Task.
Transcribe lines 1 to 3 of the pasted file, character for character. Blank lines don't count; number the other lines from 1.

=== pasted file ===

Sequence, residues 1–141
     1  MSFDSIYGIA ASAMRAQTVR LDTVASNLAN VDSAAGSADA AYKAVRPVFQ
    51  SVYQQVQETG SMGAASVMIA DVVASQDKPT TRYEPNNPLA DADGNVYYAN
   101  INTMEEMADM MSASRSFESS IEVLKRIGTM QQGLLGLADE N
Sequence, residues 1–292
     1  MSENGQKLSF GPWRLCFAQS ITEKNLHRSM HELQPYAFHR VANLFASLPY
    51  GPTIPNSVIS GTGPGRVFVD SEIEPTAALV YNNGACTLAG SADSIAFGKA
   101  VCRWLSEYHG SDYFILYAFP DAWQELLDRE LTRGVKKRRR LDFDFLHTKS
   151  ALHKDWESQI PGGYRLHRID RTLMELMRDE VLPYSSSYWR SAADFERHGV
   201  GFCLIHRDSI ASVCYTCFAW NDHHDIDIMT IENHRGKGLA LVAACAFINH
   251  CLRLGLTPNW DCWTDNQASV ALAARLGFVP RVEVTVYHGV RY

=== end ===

Sequence, residues 1–141
     1  MSFDSIYGIA ASAMRAQTVR LDTVASNLAN VDSAAGSADA AYKAVRPVFQ
    51  SVYQQVQETG SMGAASVMIA DVVASQDKPT TRYEPNNPLA DADGNVYYAN